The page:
Bacteria cell-to-cell communication, known as quorum-sensing, involves the production of auto-inducer molecules (AIs) which mediate the behavior of the bacterial population . Many biological processes, e.g., biofilm formation or the expression of virulence factors, are controlled by quorum-sensing regulation . The self-produced matrix is also considered important in enhancing bacteria virulence. The matrix builds a barrier that can inactivate antibiotics, delaying or preventing antibiotic penetration within the biofilm and recognition of their targets .
Many human diseases are caused or exacerbated by biofilms , and it is expected that as in other infectious diseases (e.g., urinary infections), biofilms provide an important reservoir for cells that can repopulate colonized sites upon removal of drug treatment ,. Nevertheless, the mechanism involved in biofilm assembly and persistence are far from being fully elucidated.
Research on NTM biofilm is still in its infancy. The majority of the published studies were conducted on the model organism Mycobacterium smegmatis. It was shown that the genetic requirements for sliding motility on agar surfaces and biofilm formation are similar . The presence of specific cell wall components, such as glycopeptidolipids (GPL) , other factors such as GroEL1 , protein kinase , iron  or the lack of others, e.g., polyphosphate deficiency , affect biofilm formation, matrix composition and structure. The role played by cell wall GPL was also reported for Mycobacterium avium  and M. abscessus .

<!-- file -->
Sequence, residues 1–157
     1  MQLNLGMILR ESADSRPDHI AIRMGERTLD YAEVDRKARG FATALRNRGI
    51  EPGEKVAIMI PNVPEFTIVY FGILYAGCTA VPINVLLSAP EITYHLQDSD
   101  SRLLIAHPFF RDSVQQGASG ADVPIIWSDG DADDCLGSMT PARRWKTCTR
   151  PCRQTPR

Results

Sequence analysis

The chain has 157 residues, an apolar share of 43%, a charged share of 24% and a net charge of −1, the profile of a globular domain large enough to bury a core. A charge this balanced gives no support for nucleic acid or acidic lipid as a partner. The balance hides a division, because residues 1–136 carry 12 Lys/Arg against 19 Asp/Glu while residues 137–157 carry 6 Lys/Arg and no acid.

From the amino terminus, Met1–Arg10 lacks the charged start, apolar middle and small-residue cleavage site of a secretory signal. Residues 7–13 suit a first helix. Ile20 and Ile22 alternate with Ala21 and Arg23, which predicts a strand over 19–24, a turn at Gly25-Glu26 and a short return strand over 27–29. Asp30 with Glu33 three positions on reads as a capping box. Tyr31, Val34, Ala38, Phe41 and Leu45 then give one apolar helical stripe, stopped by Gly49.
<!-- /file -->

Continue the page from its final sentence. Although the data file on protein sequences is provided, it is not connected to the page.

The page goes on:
Most of the studies in the biofilm field in general were focused on the identification of factors involved in the first phase of biofilm assembly (attachment to a surface). Protein adhesions required for irreversible surface adhesion have been identified, but there is little direct experimental support for these surface proteins mediating cell–surface interactions. The aims of this study are: to investigate the relationship between NTM biofilm assembly and intracellular persistence; and to characterize the ultra-structure of the biofilms assembled by the different NTMs enrolled in the present study.
| Materials and methods|| |
Bacterial culture conditions
M. smegmatis mc2 155, M. fortuitum ATCC 6841 and M. chelonae ATCC 35752 were grown on Middlebrook 7H9 broth medium (Difco, Becton, Dickinson & Company, Sparks, MD, USA) supplemented with 10% OADC (v/v; Difco) and 0.05% Tween 80 (v/v; Sigma, St. Louis, MO, USA) until the exponential phase at 37 °C/5% CO2. At this point, single cell suspensions were prepared as described before  and stored at −80 °C in 50% glycerol (v/v; Sigma) solution in phosphate buffer saline (PBS) until further use.
Cell line culture conditions
THP1 cells (ATCC TIB-202) were grown in RPMI 1640 (Lonza, Basel, Switzerland) supplemented with 10% fetal bovine serum (FBS; Lonza), 2 mM l-glutamine (Gibco, Life Technologies Corporation, Grand Island, NY, USA), 10 mM Hepes (Gibco), 1 mM sodium pyruvate (Gibco), 4500g/mL glucose (Gibco), and 50μ/mL gentamicin (Gibco) at 37 °C/5% CO2. The cells were seeded onto 96-well culture dishes at a density of 4×104 cells per well and treated for 72 h with 100 nM phorbol myristate acetate (Sigma). Then cells were washed three times with PBS and incubated for one more day in cell culture media without phorbol myristate acetate.